As the Ebola outbreak threatens the entire world with an increasing death toll, health authorities and immigration departments are now collaboratively working to track health of passengers travelling across the globe. Without effective vaccine to provide protection against the virus, without definitive treatment to recover from acquired infection and without a clear understanding of modes of transmission of the virus, taking these necessary precautions is currently the only strongest way to prevent Ebola infection.
According to Dr Ratan Kumar Vaish, senior consultant, department of medicine, Rockland Group of Hospitals, Delhi-NCR people with low immunity and those suffering from diabetes, kidney disease, HIV infection and malnutrition should be extra cautious about their decision to travel to Ebola prevalent areas. He recommends some preventive measures for people who cannot avoid traveling.
- If you’re taking medication for any infectious diseases and if you’re currently suffering from viral flu, you should avoid traveling before complete recovery. When you’re suffering from an infection, your immunity weakens. This could be a good opportunity for the virus to attack you.
- Older people, young peers and pregnant women should not travel at all. They have a high risk of acquiring infection.
- Those who are traveling should be extra careful about their diet. Eat a balanced diet. Avoid junk food and under-cooked food, especially meat.
- Avoid visiting areas that are too crowded and dense in population.
- Following personal hygiene is must. Wash hands under running water for about one minute.
- Those who have returned from their trip to places where Ebola is prevalent should also be equally careful. Although there are no cases in India yet, you need to be alert about the signs. If symptoms like fever, body ache, sore throat set in within a few days after traveling, seek medical opinion from a qualified doctor only. Do not take any of these symptoms lightly.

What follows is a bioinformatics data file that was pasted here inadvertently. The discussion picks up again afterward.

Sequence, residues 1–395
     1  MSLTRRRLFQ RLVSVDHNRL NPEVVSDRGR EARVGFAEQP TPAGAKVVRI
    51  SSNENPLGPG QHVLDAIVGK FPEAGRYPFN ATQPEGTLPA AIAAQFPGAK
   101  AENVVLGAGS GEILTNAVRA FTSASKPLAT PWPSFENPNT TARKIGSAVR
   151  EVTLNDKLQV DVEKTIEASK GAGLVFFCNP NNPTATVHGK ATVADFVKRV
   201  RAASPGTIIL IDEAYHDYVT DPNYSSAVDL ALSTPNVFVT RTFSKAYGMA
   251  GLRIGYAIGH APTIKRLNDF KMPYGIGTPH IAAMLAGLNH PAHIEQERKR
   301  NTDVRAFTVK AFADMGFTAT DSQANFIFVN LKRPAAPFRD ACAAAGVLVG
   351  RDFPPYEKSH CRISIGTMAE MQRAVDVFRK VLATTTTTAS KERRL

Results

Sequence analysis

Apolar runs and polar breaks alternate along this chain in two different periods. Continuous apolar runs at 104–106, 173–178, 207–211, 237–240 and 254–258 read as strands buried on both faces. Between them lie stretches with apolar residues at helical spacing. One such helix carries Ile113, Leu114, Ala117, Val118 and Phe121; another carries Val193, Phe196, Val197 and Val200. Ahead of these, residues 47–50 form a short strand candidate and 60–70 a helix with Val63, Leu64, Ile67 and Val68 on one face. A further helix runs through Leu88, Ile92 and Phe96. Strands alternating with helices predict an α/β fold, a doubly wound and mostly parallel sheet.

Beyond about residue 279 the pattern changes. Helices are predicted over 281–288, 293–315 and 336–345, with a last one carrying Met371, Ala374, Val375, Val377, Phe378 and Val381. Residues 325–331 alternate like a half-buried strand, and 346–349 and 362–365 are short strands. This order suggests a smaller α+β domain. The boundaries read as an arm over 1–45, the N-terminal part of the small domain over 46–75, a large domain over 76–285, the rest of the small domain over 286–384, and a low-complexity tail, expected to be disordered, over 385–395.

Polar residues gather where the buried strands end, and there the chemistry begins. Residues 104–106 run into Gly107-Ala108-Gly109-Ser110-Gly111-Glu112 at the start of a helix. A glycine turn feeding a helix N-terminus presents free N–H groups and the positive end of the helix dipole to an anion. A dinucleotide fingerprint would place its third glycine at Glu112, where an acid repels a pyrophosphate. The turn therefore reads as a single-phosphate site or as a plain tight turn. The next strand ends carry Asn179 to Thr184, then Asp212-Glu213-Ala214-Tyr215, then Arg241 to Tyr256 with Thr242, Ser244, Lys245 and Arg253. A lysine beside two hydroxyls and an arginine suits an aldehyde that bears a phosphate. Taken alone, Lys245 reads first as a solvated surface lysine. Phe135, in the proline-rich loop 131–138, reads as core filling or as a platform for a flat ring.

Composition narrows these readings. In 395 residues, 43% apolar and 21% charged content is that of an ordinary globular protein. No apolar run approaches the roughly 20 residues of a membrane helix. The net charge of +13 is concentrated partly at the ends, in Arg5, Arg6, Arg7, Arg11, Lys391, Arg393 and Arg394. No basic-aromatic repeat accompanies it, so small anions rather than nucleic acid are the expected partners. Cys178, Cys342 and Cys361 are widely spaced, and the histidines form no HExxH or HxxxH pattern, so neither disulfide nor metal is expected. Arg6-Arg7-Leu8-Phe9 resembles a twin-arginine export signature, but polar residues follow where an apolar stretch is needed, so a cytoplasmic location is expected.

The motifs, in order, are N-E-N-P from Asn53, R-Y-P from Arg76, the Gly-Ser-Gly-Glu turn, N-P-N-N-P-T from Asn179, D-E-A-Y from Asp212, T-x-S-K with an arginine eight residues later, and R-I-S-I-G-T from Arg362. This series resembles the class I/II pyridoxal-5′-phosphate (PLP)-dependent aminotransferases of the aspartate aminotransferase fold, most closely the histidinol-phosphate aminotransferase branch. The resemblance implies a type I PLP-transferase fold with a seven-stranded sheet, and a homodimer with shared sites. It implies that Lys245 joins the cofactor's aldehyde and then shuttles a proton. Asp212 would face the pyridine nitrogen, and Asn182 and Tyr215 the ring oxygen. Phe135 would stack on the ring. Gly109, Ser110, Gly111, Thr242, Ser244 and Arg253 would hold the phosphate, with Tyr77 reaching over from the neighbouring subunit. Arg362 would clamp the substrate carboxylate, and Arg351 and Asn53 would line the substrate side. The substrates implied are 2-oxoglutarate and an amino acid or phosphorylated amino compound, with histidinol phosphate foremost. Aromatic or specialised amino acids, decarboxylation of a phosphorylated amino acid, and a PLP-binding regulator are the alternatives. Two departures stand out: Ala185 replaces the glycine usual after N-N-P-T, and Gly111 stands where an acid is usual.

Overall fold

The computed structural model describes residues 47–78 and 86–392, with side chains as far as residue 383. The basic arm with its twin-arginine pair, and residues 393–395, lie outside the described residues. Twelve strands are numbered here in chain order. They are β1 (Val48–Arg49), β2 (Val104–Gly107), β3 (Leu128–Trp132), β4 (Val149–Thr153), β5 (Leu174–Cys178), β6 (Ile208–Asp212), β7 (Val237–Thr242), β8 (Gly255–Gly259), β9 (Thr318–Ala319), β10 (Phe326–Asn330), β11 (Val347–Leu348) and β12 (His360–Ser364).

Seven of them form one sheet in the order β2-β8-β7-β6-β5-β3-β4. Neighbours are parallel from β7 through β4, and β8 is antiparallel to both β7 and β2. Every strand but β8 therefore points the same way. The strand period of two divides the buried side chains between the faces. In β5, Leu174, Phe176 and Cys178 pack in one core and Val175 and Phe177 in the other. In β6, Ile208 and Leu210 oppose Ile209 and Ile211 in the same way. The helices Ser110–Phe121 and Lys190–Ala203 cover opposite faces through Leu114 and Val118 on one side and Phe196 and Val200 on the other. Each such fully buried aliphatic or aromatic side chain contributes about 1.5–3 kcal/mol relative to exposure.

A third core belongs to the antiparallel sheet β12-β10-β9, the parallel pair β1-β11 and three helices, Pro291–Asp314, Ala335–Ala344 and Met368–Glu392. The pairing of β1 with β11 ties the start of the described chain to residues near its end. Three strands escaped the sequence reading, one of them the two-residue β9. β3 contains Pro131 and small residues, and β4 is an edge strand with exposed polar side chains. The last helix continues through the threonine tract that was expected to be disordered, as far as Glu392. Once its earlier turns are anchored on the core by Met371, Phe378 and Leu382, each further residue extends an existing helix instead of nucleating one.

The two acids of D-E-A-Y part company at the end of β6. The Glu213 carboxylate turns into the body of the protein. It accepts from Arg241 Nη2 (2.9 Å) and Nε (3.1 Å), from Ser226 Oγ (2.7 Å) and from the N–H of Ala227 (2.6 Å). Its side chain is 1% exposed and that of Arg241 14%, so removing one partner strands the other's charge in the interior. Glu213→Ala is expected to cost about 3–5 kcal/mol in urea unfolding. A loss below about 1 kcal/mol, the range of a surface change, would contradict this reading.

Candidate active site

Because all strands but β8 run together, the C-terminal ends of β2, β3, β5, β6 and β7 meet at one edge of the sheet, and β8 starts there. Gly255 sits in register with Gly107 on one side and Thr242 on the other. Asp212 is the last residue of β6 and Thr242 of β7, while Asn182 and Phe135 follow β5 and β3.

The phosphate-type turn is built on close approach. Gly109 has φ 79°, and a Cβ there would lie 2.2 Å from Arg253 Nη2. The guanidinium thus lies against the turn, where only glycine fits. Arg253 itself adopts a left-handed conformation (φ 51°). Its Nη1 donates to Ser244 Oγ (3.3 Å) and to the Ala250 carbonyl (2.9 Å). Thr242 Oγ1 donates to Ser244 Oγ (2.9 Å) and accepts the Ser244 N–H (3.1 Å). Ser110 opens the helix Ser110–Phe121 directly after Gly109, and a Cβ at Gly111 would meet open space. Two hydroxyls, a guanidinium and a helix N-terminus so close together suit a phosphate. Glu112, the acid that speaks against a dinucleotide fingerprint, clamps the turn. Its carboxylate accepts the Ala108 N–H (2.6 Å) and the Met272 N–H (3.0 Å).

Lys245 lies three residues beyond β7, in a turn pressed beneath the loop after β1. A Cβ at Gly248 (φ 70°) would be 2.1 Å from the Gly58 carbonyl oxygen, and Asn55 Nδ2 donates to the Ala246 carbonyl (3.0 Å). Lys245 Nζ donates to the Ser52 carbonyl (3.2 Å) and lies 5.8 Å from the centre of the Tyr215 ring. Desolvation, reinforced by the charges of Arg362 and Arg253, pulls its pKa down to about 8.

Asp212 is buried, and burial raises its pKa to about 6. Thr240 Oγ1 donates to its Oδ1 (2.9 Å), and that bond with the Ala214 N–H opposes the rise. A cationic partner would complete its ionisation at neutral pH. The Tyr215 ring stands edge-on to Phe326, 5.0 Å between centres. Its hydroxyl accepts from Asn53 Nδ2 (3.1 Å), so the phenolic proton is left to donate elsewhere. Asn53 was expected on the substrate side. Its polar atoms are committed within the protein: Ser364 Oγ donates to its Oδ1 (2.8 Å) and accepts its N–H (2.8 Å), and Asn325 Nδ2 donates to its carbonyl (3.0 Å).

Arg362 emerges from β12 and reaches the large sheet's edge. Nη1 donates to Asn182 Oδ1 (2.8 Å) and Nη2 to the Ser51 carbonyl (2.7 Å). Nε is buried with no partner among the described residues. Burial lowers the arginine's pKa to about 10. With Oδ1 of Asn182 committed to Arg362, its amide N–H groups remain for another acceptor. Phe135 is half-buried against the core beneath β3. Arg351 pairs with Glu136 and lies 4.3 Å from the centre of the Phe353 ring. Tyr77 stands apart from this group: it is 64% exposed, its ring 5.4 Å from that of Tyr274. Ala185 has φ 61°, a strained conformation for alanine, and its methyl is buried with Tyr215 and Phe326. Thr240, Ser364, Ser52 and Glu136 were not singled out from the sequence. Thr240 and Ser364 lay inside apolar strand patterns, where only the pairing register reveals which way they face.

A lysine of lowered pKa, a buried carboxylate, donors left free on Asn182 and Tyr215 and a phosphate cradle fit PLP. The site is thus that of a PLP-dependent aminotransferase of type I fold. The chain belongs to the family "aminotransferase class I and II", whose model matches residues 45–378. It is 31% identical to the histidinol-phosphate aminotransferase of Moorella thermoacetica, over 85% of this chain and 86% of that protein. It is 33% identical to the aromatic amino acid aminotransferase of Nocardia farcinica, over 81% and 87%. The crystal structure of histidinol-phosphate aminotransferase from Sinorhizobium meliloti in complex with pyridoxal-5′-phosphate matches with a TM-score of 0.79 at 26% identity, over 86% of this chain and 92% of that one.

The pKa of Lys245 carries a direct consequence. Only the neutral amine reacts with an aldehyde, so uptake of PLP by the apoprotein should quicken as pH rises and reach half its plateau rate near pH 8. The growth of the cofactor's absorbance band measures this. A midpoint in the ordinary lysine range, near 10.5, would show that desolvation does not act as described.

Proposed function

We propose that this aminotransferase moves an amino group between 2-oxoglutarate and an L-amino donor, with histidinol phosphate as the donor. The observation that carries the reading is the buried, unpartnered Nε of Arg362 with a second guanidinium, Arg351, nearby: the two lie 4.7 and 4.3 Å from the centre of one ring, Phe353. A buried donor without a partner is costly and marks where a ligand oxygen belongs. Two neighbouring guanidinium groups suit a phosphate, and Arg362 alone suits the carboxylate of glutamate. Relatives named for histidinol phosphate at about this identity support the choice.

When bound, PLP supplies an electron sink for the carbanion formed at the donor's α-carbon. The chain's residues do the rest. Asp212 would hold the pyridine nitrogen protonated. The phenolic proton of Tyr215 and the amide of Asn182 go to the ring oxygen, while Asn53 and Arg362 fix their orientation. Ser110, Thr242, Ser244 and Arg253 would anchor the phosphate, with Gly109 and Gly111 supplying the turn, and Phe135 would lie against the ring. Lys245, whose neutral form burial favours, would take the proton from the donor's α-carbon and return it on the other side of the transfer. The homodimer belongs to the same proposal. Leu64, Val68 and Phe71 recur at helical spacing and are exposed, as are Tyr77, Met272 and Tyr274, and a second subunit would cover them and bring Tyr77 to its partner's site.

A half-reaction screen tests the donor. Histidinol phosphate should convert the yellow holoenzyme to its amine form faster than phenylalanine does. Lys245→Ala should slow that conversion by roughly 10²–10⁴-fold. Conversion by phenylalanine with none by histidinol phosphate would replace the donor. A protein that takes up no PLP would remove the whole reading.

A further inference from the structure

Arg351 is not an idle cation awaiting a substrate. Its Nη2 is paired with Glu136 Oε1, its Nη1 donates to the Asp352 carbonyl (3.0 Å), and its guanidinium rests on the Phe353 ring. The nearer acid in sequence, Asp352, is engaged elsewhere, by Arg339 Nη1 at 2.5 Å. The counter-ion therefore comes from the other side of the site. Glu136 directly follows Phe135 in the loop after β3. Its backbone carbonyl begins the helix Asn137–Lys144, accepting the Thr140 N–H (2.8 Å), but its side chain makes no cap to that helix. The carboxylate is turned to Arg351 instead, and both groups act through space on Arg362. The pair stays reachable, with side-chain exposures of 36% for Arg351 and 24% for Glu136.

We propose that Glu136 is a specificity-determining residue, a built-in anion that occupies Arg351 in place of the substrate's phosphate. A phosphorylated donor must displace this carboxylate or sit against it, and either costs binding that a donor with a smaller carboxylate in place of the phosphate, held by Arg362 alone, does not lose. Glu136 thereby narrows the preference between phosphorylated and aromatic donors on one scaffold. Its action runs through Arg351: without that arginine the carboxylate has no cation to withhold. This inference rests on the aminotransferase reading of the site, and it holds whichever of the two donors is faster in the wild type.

Apart from these, the Centres for Disease Control and Prevention (CDC) recommends the following precautionary measures for travelers.
- In any case, avoid handling items that you suspect have been contaminated, especially blood or body fluids.
- Avoid contact with other people and avoid visiting hospitals where treatment for Ebola is being given.
- Use masks and other protective stuff like gloves and eye protection if needed.
- Be careful about your health for at least 21 days after suspected exposure to the virus. If you develop any symptoms within this period, visit a specialist. Avoid traveling and direct contact with others before your visit to the doctor and confirm the cause of your symptoms.
‘The best of all preventive measures is to avoid non-essential traveling to afflicted areas,’ says Dr Ratan.
Photo source: Getty images
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